I was dreading the moment when Mona Chica's parents would come to collect their other fantabulous pooches. Two others, to be exact. If you read my post, she died in my arms last night, you know we've had a really rough week. Since Mona Chica passed, we've been dealing with the emotions of it all. It's rough. Not just for me, but for my whole family. And since then, we've been caring for Mona Chica's older brother and sister. Until today.
As a professional pet sitter...I'm thinking that's now an oxymoron. Because there is nothing professional about crying on the phone when you tell your client that their pet has passed. The professional part was that I downgraded from all-out bawling, which I reserved for my family. But, then, a week later (they were on a cruise, don't judge)–today–when they came to collect their other animals, once they started to cry, so did I. And we hugged, which is also not considered professional in the professional sense. Mona Chica's mom remembered that Campbell (my 4-year-old daughter) was over the moon to take care of a Chihuahua, her dream doggie. So she brought this for Cam:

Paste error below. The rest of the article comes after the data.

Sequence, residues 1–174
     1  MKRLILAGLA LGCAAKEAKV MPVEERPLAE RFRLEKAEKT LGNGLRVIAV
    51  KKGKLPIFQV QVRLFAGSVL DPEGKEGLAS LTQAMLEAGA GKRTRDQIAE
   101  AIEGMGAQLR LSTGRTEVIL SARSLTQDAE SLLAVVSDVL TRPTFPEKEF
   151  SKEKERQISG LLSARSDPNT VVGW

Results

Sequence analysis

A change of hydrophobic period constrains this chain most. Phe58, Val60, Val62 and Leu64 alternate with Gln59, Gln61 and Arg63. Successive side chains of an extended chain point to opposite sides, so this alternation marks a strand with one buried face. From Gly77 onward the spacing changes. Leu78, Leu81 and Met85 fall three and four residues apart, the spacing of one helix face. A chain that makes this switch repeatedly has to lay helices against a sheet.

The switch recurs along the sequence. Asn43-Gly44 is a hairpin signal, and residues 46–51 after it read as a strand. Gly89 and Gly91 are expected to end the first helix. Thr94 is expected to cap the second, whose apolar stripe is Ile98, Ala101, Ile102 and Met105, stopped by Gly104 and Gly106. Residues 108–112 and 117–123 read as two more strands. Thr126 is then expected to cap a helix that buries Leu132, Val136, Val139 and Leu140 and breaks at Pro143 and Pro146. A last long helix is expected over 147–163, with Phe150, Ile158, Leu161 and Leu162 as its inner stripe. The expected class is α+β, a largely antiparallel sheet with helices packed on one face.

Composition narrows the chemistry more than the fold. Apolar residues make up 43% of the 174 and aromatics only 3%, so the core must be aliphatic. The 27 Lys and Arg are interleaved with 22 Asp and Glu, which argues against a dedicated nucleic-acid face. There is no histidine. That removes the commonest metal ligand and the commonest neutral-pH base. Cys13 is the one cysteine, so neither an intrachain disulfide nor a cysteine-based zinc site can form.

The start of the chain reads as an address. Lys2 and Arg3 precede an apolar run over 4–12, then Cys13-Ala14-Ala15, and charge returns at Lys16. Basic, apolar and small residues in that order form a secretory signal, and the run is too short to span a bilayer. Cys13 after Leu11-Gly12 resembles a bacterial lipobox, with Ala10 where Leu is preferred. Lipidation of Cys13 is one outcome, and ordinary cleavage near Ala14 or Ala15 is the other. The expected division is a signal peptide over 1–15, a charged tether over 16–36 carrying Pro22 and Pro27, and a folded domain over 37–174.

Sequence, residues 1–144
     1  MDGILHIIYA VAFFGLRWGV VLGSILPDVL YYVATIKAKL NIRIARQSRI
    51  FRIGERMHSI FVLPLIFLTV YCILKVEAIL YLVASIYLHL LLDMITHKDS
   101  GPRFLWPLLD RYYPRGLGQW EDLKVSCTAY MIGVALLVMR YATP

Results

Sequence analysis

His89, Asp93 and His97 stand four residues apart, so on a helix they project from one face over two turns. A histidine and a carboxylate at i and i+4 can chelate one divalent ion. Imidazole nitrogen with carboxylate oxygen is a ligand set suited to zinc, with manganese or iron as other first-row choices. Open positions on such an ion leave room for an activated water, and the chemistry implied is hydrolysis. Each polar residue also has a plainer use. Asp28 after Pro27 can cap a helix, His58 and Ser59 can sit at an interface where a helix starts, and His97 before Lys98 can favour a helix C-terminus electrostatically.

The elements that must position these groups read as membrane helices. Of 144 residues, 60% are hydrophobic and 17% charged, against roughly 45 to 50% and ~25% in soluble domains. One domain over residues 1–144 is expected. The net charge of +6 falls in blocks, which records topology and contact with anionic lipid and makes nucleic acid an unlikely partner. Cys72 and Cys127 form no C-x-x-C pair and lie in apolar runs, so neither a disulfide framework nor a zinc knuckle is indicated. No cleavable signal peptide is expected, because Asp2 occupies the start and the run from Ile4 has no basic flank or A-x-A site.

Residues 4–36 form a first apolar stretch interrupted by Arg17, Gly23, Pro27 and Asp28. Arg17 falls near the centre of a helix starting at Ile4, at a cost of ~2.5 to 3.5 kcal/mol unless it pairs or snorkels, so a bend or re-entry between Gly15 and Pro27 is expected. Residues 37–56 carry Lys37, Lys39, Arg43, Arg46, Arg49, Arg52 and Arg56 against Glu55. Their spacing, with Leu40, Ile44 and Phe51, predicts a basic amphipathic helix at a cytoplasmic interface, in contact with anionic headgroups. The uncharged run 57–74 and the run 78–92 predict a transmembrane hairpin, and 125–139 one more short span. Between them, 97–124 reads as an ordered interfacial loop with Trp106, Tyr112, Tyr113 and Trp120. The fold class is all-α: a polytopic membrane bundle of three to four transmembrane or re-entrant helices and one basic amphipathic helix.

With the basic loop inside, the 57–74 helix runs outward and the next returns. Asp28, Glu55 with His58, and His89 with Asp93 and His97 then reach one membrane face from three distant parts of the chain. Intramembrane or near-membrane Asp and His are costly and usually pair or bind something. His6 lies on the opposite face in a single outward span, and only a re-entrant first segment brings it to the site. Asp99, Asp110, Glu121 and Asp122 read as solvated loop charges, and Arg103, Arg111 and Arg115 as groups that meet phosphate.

Let me break it down for you if you haven't heard: I was taking care of these dogs for the first time. Though the clients knew their Chihuahua was sick, they didn't know how sick. Mona Chica's death, though not unexpected, was shocking. Then, when returning from their stay away, immediately after dealing with her beloved's remains, upon collecting their other dogs, they presented my daughter with a toy Chihuahua (Mona Chica look-alike), simply because they knew Campbell had been excited to help me care for Mona Chica.
I think these brand-new clients touched something in me, and in Campbell, that we didn't realize before, and probably won't fully realize for some time. I didn't think as much about my own daughter's feelings of failure as I did about my own, the professional pet sitter, or as I did about my clients, who had suffered the ultimate loss. Sure, our family went through the emotions of loss and talked it out, but I never even conceived that my girl might feel a bit of failure that the dog who she most likely felt ultimately responsible for died in our care.
We now have a new Mona Chica in our lives. And though she can't truly compete with the original Mona Chica, she's something special, and she lets my daughter–and me–know that we're something special. And that we did the best we could. And that loss sometimes just happens anyway.